My second theme is the changing role of our military. We had a little engagement on that subject with the hon. Member for Dunfermline and West Fife (Willie Rennie), the Liberal Democrat spokesman. It was interesting to hear the Foreign Secretary’s recent comments on the “Today” programme, in which he promised to prioritise the Government’s work on conflict prevention, and to work better with the armed forces. That is the stance of the Foreign and Commonwealth Office. The Foreign Secretary also pledged greater integration and better co-operation with the Department for International Development.

I agreed with those sentiments, but I shall not hold my breath. I agreed with the comments of Sir Hilary Synnott, who is a respected commentator on Iraq. He has worked in the civil service and written and travelled extensively throughout Afghanistan and Iraq. He said:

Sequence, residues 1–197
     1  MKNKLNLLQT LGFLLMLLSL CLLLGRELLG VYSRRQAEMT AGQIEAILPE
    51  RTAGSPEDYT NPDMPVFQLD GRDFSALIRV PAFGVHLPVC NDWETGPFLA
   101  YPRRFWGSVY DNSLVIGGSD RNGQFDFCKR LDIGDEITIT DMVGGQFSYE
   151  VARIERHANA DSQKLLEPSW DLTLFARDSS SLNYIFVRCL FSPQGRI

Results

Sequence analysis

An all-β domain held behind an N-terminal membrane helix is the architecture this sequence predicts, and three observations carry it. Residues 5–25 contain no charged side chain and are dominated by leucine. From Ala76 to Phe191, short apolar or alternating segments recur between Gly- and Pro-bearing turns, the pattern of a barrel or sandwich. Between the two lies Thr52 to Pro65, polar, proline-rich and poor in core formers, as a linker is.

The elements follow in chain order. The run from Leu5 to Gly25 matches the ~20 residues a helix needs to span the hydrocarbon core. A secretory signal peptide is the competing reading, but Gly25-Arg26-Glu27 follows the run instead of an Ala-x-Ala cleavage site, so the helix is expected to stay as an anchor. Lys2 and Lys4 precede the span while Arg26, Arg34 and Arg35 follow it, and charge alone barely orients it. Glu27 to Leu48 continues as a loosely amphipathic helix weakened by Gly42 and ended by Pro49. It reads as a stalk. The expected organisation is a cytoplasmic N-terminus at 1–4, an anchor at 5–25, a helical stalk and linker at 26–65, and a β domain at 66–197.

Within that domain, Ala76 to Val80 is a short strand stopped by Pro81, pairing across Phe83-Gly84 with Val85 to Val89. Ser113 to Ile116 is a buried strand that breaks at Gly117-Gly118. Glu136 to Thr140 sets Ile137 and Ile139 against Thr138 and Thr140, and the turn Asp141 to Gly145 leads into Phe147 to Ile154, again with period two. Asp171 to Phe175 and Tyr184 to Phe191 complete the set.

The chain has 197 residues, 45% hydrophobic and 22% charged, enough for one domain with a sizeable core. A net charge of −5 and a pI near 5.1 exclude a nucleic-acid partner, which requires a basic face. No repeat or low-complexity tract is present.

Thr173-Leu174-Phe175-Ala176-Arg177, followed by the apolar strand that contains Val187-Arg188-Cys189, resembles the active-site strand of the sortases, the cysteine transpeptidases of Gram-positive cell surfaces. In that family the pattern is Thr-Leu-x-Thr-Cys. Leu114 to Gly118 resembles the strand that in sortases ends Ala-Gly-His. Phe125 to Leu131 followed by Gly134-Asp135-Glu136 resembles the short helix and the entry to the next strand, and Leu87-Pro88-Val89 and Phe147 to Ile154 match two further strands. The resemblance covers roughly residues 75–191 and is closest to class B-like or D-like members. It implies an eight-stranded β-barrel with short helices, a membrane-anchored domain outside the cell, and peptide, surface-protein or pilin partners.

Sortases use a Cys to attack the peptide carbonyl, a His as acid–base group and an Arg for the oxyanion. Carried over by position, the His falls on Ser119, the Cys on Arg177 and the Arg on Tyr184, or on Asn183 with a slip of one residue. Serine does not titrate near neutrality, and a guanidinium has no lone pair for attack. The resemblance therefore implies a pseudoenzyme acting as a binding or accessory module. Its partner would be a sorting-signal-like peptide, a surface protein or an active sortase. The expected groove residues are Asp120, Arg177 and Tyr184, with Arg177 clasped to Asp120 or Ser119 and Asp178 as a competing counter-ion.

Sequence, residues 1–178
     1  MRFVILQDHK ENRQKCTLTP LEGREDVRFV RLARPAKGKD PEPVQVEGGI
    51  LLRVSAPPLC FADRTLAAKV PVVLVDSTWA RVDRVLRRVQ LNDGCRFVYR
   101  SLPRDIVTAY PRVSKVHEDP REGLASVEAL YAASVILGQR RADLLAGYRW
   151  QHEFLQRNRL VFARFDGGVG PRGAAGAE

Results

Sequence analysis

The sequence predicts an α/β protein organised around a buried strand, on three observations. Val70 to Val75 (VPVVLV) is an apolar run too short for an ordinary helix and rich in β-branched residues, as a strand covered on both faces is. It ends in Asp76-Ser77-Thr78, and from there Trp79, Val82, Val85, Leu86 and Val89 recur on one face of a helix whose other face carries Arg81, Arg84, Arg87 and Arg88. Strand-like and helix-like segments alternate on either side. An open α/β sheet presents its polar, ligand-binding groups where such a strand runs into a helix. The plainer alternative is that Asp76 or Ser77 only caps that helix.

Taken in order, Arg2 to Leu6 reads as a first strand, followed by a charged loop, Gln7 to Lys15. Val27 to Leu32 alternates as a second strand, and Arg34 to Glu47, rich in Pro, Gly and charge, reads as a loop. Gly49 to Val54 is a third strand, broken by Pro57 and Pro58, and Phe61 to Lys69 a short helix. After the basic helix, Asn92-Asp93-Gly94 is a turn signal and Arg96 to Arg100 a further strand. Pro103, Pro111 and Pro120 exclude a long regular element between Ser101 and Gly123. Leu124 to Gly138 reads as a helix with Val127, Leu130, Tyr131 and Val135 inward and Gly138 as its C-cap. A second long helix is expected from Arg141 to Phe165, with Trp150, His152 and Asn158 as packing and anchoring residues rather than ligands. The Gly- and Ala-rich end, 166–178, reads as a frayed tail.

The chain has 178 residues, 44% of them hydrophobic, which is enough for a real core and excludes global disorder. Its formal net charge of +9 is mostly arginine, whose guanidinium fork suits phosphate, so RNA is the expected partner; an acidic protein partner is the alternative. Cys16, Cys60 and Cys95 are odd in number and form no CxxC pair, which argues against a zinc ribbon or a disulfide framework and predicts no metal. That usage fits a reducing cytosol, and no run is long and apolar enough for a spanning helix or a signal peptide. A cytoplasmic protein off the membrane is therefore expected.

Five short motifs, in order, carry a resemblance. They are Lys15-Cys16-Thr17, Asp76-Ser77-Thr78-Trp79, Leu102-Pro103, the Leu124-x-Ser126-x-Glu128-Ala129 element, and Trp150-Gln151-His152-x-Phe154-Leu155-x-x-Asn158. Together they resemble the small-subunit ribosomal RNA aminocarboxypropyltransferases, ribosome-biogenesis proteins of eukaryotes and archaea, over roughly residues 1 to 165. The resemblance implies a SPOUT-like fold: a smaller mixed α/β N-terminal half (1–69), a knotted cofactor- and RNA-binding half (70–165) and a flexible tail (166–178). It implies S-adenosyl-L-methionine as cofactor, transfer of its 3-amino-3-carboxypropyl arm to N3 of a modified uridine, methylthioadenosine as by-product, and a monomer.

Those are harsh words from somebody so respected and so knowledgeable about such matters.

I shall touch on our concerns. We had a statement from the Liberal Democrats pointing out that our military are still in Iraq, and I am sure they would say the same about Afghanistan. We should be more concerned about what happens underneath that umbrella of security. The only reason why our military personnel are in those two operational environments is that we have not been able to achieve the level of infrastructure and improvements to those countries that would allow the military to move from a war fighting capacity to a peacekeeping one. That is because we do not have a proper co-ordinated plan in either of those environments.